Article

IT spending on the rise for SMBs

Jon Panker
Two analyst reports on small and midsized businesses (SMBs) paint a rosy picture for technology spending.

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Forrester Research Inc., in Cambridge, Mass., found that on average small businesses are hiking their IT budgets 7.4% this year, and medium-sized companies are increasing 6.1%. Those gains eclipse the anticipated 2.4% jump for large companies.

InStat/MDR, a Scottsdale, Ariz.-based market researcher, expects tech spending in the midsized sector to grow between 4% and 5% annually. It estimates midmarket IT spending on products, services and personnel will hit $98 billion by 2008.

Fueling the growth is a desire among SMBs to bolster their businesses after the economic downturn. Both studies found that executives are largely optimistic about the business environment.

"They had a better view of their own firm as opposed to the [overall] economy," said Jeff Wilson, an InStat industry analyst.

InStat reported growth in telecommunications and network hardware spending, due largely to businesses eager to open up smaller offices or arm telecommuters with necessary technology.

Meanwhile, 80% of respondents told Forrester that their current business climate was moderately strong or better, and 77% said the health of their industry would improve over the next three quarters.

When asked by Forrester about their specific spending plans for the next year, 75% of SMBs said they will buy networking equipment, 74% will add servers and 65% will invest in new storage technology.

Forrester found that Dell Inc. stands to gain from the spending up tick. Companies identified the direct-computer selling giant as the vendor most likely to supply them with servers and storage. Among likely networking suppliers, Dell trailed behind only Cisco Systems Inc. and 3Com Corp.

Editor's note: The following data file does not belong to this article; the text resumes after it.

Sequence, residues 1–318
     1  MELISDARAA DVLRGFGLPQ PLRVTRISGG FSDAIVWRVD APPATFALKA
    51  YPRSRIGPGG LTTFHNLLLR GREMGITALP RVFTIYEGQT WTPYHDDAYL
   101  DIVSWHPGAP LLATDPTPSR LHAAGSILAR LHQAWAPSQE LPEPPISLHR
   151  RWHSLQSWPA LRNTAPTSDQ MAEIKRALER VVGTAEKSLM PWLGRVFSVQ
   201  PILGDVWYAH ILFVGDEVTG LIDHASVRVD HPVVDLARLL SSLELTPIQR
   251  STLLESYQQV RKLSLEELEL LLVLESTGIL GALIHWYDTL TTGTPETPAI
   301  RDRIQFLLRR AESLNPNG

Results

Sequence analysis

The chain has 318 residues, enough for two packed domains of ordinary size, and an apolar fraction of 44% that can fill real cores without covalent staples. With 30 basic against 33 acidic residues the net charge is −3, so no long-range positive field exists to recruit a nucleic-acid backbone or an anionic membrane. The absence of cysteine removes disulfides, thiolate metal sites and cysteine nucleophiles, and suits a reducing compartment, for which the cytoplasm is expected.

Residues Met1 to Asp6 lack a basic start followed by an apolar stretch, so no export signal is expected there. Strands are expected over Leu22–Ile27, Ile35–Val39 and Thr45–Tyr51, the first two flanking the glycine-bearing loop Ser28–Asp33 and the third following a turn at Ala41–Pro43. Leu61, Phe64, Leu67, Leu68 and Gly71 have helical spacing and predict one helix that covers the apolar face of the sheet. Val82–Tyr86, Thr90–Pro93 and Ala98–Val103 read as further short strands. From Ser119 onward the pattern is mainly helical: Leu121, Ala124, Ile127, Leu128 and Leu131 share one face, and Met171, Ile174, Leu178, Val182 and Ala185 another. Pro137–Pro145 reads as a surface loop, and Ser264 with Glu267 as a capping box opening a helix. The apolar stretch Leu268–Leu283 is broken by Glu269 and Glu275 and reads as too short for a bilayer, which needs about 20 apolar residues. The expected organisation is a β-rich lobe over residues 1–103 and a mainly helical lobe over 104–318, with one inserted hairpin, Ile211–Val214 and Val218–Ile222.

SMBs indicated that they were likely to choose a provider on their own and call in consultants when their technology projects hit a snag.

"A lot of times, word of mouth seems to be the most popular way to make a [vendor] decision," according to Meredith Child, the author of the Forrester report.

On the applications front, 26% of SMBs plan to invest in customer relationship management (CRM) software in the next year, Forrester found. Microsoft, which entered the CRM market last year, was cited most often as supplying those applications. Thirty percent of SMBs plan to buy content management software, and 33% are investing in business intelligence applications.

InStat's study also indicated an indirect interest in CRM. After maintaining competitive advantage, the top areas for improvement were enhancing marketing and bolstering customer service.

Regarding staffing, Forrester found that only 6% of SMBs will cut IT jobs this year. The majority, 52%, are maintaining current staffing levels.

Forrester surveyed 1,002 SMB technology decision makers. It defines the sector as companies with six to 999 employees. InStat did online interviews with 306 midmarket executives at firms with 100 to 999 workers.


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